By book three much is the same, the darkness and corruption is still evident but I started to see a different side to Aidan. He seemed to accept, without resentment, the way his life had gone and I started to see a more compassionate side to him. I first noticed it when he met Adam in Strangeways prison. I felt that he was genuinely concerned for him and that he wanted to make his life more bearable. This feeling continued throughout the novel and on finishing it, I think it was because he was aware of what lay in his own future. A few days after reading it I feel that this was the first book I liked him in.

It was a nice change to have a police officer who wasn’t corrupt. Naomi, who became Aidan’s new partner early in the novel when Sutty was injured whilst on duty. I could sense her loyalty, despite the frustration she felt towards Aidan at times. Even when he hurt her feelings she didn’t abandon him. She was the only member of the force who I didn’t feel had a different agenda. I have a feeling we haven’t seen the last of her.

The Closer I Get by Paul Burston – Blog Tour Review.

About The Book

Tom is a successful author, but he’s struggling to finish his novel. His main distraction is an online admirer, Evie, who simply won’t leave him alone.

Evie is smart, well read and unstable; she lives with her father and her social-media friendships are not only her escape, but everything she has.

When she’s hit with a restraining order, her world is turned upside down, and Tom is free to live his life again, to concentrate on writing.

But things aren’t really adding up. For Tom is distracted but also addicted to his online relationships, and when they take a darker, more menacing turn, he feels powerless to change things. Because maybe he needs Evie more than he’s letting on.

A compulsive, disturbingly relevant, twisty and powerful psychological thriller, The Closer I Get is also a searing commentary on the fragility and insincerity of online relationships, and the danger that can lurk just one ‘like’ away…

My Review

With thanks to the publisher for the copy received. The Closer I Get was a novel that I heard a lot about without really knowing it’s synopsis. That is, until I saw a link to an article in a newspaper article about what inspired the author to write it, which then inspired me to read the book as soon as I could.

Many people are on social media. Many post things that they wouldn’t say in real life, face to face. They get involved in disagreements that are best avoided, often using the hashtag. Some become stalkers. Evie is one of the few who do all of these things. There are probably many like her, a loner who had a terrible childhood and didn’t know how to be in the real world. There were moments where I could understand her pain but not how she dealt with it. After being served with a restraining order for her actions involving Tom they both have to rebuild the lives. But are things as they appear?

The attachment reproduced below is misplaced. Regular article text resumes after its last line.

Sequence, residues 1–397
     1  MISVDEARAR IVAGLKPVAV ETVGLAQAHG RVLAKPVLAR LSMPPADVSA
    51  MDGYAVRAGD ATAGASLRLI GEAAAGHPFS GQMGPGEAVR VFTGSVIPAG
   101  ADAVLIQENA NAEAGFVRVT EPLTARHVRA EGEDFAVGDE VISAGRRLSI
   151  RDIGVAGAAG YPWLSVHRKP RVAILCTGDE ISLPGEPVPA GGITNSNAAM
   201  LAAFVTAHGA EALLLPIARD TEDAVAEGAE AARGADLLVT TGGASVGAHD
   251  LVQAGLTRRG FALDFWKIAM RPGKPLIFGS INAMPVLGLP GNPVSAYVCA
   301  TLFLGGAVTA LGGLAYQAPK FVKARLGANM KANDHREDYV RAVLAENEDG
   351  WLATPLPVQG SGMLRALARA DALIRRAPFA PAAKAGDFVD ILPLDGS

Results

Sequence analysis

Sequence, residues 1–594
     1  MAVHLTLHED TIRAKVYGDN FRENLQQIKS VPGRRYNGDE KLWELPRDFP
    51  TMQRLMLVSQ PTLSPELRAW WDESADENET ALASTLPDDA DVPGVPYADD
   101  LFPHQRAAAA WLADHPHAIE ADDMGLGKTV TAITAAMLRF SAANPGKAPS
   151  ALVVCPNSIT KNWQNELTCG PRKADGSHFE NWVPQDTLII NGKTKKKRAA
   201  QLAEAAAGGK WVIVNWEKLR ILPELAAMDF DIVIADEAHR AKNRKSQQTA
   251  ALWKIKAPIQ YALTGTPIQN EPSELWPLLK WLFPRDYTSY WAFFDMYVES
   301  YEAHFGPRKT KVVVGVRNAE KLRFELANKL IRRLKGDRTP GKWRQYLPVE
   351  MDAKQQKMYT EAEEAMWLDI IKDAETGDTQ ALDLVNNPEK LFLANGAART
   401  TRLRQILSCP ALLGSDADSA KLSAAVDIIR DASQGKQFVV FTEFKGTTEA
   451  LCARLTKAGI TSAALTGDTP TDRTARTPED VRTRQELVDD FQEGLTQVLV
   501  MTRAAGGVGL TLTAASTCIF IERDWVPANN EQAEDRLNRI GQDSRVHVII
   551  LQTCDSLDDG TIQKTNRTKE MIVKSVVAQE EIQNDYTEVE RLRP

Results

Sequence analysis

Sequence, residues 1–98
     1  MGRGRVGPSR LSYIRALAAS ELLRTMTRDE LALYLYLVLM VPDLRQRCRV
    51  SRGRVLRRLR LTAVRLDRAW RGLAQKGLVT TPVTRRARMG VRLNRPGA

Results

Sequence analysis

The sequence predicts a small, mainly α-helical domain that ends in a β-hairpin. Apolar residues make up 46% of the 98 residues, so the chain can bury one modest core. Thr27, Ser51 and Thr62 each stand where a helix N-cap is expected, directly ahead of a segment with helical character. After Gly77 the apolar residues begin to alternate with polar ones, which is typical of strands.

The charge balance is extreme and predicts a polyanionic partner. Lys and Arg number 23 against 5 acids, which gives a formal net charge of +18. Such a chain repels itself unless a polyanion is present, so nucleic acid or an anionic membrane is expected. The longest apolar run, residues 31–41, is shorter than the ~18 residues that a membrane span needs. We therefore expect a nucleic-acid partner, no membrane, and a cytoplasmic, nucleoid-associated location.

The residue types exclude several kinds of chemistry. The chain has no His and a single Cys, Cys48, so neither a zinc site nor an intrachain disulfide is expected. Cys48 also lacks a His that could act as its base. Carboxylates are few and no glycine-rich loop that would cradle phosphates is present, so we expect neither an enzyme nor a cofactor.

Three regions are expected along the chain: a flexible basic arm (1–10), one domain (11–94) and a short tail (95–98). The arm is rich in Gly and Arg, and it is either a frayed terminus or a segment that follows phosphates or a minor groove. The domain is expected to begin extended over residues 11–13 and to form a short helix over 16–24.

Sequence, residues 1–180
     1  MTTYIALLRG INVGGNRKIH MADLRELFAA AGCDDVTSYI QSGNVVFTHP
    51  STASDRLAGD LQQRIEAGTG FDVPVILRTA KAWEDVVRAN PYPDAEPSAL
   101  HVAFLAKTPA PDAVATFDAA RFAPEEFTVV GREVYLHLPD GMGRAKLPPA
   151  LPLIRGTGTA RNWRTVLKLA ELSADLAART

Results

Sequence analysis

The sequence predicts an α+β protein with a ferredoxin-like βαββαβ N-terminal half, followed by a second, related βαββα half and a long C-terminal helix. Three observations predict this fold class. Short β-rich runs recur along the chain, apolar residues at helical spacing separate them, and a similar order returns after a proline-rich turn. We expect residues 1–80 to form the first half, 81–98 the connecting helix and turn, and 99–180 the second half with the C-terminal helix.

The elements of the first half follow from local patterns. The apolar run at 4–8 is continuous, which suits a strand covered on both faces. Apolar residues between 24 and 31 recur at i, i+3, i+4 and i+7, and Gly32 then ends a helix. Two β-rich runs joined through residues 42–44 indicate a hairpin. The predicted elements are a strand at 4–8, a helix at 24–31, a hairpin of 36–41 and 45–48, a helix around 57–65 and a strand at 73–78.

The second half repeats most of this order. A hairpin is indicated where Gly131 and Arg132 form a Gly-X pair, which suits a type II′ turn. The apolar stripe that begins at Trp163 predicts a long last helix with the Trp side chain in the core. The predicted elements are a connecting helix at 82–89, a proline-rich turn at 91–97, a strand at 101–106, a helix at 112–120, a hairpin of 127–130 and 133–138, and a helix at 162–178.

I found this story mesmerising. More so because neither of the two main characters were that likeable. I couldn’t work out if either of them were being honest and neither of them were nice to anybody they came into contact with. I did have sympathy for Tom initially but I also had misgivings when I could see the way he treated his friends and lovers. He was selfish and self obsessed and couldn’t see that his friend Emma may have needed him to be there for her, just like she was expected to be there for him. The only one who brought out his better side was his developing friendship with his elderly neighbour, Colin.

As well as the characters the author does a terrific job of describing the negative side to social media. One of the platforms in particular is shown at its worst and I’m probably not the only one who was left feeling ill at ease and reluctant to post anything at all.

Totally different to many of the novels that I read, I’m looking forward to my limited edition signed copy arriving soon.

The Last Stage by Louise Voss – Blog Tour Review.

About The Book

At the peak of her career as lead singer of a legendary 1980s indie band, Meredith Vincent was driven off the international stage by a horrific incident. Now living a quiet existence in a cottage on the grounds of an old stately home, she has put her past behind her and come to terms with her new life.

When a body is found in the manicured gardens of her home, and a series of inexplicable and unsettling events begins to occur, it becomes clear that someone is watching, someone who knows who she is … Someone who wants vengeance.

And this is only the beginning…

A dark, riveting and chilling psychological thriller, The Last Stage is also a study of secrets and obsessions, where innocent acts can have the most terrifying consequences.

My Review

With thanks to the publisher for the copy received. The Last Stage is the second book that I have read by Louise Voss and much like the first it is a slow burner, where the reader has little idea what expect.

There are quite a few narrators. Meredith, her twin brother Pete, two police officers, one of whom is a new officer, and two very unsavoury characters. One of these I did identify fairly early on, the other I was completely wrong about.

There are a few scenes that contain violence but none of them are gratuitous. They didn’t need to be, anybody who reads this can imagine the terror that Meredith felt. Not only for the threat to herself, but also towards people she cares deeply about. She was happy in her new life and doesn’t want her past to affect it. In particular she didn’t want to think about who was responsible for her injury and the reasons why she turned her back on the music industry.

Meredith was a character who I liked more as I read. I found her to be honest, felt her remorse over the abandonment of her family and admired her determination to live her life without revealing her past and relying on her fame to be successful. Her type of music I was familiar with, being roughly the same age but I was never a fan. Unlike Mavis, who made me smile a lot.

It was slightly different too much of the crime fiction I usually read. Not as dark but many of the character felt more real. In particular the police team. The frustration, admiration and determination to impress all made a very entertaining novel to read.